Certain audits of medical devices and processes are essential for MedDev companies if they want to place their product on the European market.
However, audits are not used only for those reasons. There are used for a variety of reasons, including assessing compliance with standards and regulations, adherence to requirements and specifications, evaluating process and system performance, evaluating the adequacy and effectiveness of the quality management system; etc.
Travel restrictions across the EU are stopping notified bodies from performing the on-site audits. In such a situation as the pandemic caused by COVID-19, traditional on-site audits may not be an option, exposing the organization to compliance risk and potentially jeopardizing the global supply chain.
However, offsite audits may provide the medical device company with an alternative to ensure continued compliance. Offsite audits leverage technology, such as video teleconferencing and shared file folders to facilitate interviews and share documents and records and even QMS software that support such options.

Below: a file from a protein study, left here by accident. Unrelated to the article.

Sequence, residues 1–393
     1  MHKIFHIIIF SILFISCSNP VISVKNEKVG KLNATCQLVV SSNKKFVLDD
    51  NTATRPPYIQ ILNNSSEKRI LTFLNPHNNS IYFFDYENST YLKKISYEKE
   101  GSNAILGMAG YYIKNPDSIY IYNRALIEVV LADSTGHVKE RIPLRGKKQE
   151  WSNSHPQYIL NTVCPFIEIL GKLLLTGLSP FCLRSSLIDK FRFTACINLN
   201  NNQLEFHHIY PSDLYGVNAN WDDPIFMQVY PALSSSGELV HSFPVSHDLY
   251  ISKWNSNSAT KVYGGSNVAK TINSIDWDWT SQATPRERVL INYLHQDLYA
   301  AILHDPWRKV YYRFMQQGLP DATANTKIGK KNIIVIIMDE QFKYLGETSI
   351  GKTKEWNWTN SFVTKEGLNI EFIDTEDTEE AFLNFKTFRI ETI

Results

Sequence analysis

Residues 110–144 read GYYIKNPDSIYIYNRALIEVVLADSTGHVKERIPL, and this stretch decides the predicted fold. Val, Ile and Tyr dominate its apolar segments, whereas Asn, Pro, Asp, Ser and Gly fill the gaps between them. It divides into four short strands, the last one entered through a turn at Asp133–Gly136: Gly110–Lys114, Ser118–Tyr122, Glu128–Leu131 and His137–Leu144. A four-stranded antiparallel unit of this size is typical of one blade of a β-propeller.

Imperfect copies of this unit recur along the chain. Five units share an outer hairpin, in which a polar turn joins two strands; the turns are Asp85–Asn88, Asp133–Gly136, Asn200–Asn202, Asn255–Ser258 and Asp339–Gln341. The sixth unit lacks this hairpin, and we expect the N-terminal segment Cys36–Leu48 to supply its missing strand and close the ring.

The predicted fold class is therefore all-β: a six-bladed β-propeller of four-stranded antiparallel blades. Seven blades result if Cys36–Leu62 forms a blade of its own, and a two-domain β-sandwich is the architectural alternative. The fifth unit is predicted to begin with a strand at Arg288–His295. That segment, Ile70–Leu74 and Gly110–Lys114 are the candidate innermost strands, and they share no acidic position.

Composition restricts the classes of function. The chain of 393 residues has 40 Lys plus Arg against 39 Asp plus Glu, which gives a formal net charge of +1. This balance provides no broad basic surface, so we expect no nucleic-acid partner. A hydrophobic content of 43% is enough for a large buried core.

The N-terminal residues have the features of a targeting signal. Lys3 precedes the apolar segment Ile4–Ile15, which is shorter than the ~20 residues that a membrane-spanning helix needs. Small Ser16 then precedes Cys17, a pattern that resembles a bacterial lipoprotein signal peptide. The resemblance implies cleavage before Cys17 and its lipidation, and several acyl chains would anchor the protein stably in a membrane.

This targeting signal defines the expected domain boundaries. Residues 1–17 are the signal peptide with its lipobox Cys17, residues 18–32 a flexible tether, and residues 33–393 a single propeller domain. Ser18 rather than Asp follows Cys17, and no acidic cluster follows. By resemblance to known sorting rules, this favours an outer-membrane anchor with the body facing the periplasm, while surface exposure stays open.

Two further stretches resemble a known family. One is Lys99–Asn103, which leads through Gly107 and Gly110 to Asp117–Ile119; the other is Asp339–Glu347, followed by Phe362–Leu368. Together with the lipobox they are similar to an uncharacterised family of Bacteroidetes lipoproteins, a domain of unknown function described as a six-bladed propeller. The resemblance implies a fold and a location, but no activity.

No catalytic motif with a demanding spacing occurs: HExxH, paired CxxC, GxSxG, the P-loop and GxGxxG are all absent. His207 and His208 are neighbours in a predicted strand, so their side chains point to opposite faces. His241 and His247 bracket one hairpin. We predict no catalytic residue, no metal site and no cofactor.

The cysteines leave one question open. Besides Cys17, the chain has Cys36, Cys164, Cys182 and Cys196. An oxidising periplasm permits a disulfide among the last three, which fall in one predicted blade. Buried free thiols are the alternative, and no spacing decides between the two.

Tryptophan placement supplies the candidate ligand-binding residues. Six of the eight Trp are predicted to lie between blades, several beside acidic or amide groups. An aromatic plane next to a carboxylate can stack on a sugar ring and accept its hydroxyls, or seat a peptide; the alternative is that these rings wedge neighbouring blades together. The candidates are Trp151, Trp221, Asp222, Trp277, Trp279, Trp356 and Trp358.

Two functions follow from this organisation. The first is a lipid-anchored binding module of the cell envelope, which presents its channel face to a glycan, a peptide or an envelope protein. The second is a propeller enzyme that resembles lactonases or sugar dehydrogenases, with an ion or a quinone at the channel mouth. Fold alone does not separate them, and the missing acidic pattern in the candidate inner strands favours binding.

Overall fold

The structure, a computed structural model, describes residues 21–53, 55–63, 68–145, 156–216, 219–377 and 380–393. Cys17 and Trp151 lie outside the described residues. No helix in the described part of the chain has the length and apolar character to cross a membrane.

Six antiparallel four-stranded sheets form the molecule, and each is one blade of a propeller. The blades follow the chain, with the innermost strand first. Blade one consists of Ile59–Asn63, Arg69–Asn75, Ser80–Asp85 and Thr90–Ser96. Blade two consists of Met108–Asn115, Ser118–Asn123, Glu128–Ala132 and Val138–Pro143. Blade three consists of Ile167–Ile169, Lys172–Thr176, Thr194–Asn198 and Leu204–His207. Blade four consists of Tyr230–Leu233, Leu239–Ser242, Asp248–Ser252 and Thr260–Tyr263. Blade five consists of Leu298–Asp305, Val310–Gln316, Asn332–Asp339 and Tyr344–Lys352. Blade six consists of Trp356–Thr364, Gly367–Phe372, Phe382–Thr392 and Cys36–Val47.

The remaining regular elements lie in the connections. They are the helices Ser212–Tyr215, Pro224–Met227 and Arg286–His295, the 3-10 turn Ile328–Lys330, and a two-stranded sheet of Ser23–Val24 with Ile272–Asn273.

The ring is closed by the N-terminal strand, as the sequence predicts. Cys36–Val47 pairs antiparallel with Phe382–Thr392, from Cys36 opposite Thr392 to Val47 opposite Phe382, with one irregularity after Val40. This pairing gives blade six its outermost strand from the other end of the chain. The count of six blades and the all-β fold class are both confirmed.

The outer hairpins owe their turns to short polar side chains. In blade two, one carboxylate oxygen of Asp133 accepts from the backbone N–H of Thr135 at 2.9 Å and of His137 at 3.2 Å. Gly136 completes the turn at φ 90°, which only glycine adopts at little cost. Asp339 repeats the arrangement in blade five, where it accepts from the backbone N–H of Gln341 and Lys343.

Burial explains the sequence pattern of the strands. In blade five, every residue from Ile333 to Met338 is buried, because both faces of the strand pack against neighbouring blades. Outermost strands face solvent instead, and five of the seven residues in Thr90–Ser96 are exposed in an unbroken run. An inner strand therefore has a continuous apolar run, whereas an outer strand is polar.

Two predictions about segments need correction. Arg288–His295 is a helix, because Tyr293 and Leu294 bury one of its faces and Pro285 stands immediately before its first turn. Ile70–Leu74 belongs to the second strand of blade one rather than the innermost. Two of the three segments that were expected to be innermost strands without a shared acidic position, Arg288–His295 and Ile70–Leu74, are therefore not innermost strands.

Requirements for Audits
Standard and regulations have requirements for internal audit programs. Regardless of the regulation, standards, and guidance, the requirements for audit programs are generally the same and include the following:
- Establish, implement, and maintain SOP for audit
- Define the audit criteria, scope, interval, and methods
- Determine the necessary competence and ensure competence based on education, training, or experience
- Ensure objectivity and impartiality of the audit process
- Ensure auditors do not have direct responsibility for the matters being audited
- Conduct internal audits considering the status and importance of the processes as well as the results of previous audits
- Ensure audit results are reviewed by managers who have responsibility for the matters audited
- Ensure corrective action(s) are initiated and, if required, re-audit the deficient matters
There is nothing in the GMP regulations, standards, and guidance that prohibits the use of offsite auditing techniques. However, it must be balanced based upon the relative risk postured by the organization and the products and services produced or supplied. For example, organizations with a prior history of compliance issues such as recalls, frequently rejected products, and other negative quality trends are probably not a good candidate for a remote or virtual audit.